Performer: Nick Hall Photograph by: Karla Gowlett Show: Spencer Venue: Underbelly, Med Quad Promoter: Noel Gay Online: Box Office Facebook Website
Tell me about your Edinburgh show.
It’s one-person comedy show about Spencer Perceval – the only British Prime Minister ever to be assassinated – who was shot in the Houses of Parliament in 1812. The shows tells the story of Spencer’s life and death has he strives for a legacy that will have him remembered down the ages, and draws parallels with the discontent of post-Brexit Britain.
Tell me about your first gig.
Being white, male and middle class I was in a university sketch group, obviously. One sketch was just a series of puns about Eton John and DIY ‘I’m still sanding, lorry seems to be the hardest word, I guess that’s why they call it the fuse etc’. I don’t think that sketch ever featured again.
Do you have any rituals before going on stage?
Stretching. Singing. Weeing. But not at the same time.
Tell me about your best and worst review.
My worst review accused me of being racist, based on a joke about me not being able to do a Namibian accent. I think the joke was lost on them, as it would have been much more offensive to attempt a Namibian accent because, you know, I’m not from Namibia.
The best review was from mum who was once said ‘Actually, that was quite good’. She sounded very surprised.
During this Edinburgh run, do you plan to read reviews of your show?
Probably not. Every year I make a rule not to read them, but there I am poring over the reviews when I get up there. I think for your mental health its good to give them a miss, but then if you were really concerned for your mental health you wouldn’t do Edinburgh in the first place.
How do you feel about reviewers generally?
Reviewers play an important part of the Edinburgh experience – it’s all part of the same game. Those people who complain about the worthless opinion of reviewers are the same people who plaster stars all over their posters when they get them. A well-written review can offer a really interesting perspective on something you’ve crafted. When it’s well-written.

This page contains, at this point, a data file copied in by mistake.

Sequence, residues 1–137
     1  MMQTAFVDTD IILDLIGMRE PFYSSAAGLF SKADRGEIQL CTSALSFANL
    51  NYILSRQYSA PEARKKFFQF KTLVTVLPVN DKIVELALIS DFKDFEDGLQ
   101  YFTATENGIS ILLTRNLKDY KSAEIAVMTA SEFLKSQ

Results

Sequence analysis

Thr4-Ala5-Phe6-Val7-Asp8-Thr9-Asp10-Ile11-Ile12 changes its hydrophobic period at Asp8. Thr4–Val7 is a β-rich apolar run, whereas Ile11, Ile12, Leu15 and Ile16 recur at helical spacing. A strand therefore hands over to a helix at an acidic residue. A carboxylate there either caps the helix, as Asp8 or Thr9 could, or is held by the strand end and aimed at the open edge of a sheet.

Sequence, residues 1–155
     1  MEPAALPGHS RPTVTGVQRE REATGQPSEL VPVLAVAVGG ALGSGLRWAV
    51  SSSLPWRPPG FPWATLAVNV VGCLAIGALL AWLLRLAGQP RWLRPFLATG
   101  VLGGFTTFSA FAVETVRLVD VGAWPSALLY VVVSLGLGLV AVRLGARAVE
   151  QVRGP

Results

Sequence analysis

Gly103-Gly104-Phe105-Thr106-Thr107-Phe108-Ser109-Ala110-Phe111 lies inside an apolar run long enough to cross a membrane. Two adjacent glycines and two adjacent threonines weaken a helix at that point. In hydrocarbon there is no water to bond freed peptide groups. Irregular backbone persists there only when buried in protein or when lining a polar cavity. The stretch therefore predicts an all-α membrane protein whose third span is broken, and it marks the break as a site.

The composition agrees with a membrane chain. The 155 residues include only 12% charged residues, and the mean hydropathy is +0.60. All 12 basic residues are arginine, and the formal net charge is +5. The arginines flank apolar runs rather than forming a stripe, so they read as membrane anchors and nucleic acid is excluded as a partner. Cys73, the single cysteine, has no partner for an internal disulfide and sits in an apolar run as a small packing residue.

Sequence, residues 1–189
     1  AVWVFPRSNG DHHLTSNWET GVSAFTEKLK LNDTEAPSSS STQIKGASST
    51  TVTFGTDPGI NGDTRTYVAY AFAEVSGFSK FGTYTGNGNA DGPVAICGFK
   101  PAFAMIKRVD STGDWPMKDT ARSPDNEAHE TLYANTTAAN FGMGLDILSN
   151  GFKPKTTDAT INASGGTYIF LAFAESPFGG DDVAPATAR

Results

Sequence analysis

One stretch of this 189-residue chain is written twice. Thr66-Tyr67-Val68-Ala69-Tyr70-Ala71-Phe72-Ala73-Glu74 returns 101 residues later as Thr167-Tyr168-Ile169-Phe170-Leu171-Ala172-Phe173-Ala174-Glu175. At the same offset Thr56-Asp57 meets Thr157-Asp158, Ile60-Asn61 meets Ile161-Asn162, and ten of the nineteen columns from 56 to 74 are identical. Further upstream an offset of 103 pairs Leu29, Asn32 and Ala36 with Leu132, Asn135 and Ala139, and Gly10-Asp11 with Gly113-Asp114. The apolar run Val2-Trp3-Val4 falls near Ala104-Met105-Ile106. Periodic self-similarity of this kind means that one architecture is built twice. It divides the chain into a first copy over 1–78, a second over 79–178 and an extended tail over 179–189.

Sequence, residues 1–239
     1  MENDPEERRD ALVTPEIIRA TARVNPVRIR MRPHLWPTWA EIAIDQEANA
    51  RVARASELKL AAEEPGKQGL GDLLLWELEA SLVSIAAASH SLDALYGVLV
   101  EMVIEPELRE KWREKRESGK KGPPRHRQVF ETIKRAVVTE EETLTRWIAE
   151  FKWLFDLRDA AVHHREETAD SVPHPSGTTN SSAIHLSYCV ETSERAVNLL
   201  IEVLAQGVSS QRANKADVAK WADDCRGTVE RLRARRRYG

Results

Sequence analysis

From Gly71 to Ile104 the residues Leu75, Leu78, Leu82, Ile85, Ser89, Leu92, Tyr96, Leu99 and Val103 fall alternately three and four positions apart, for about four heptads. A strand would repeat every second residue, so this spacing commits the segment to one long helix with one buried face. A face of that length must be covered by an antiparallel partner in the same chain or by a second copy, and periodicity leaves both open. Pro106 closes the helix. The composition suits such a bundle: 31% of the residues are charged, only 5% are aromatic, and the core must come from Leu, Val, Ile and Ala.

In April 2018, YouTube comedian, Markus Meechan (aka Count Dankula) was fined £800 for training his girlfriend’s pug dog to do a Nazi salute with its paw, in response to the phrase ‘Gas the Jews’. Do you believe Meechan committed a criminal offence, and why?
Whether the law was correct to prosecute him, I’ll leave to legal scholars. Clearly it was a comedy stunt for his YouTube channel and should have been viewed as such, but I’m always hesitant about turning these people into martyrs. Last month Markus turned up at a Tommy Robinson rally, so the phrase YouTube and Comedian can often be an oxymoron. I’ve already written more than I wanted to about this.
Are there any subjects that are not suitable for comedy?
I generally try and avoid this subject like its bubonic plague – see above. Of course comedy should be able to tackle any issues it wishes, but context and common sense is everything. Everyone needs to calm down – something I discuss in my history comedy show Spencer!
Have you ever gone too far?
As mentioned above, I was once in a sketch involving Elton John and DIY puns. I don’t think I’m that kind of comedian. I probably have gone too far at points but that’s the beauty of comedy. I think at the end of the day my philosophy on comedy is (Insert Bill Hicks quote here).
Looking back over your time as a comedian, tell me about the best gig of your career.
I don’t know if I’ve mentioned but I once did a sketch in which I played Elton John and he was a in a DIY shop…..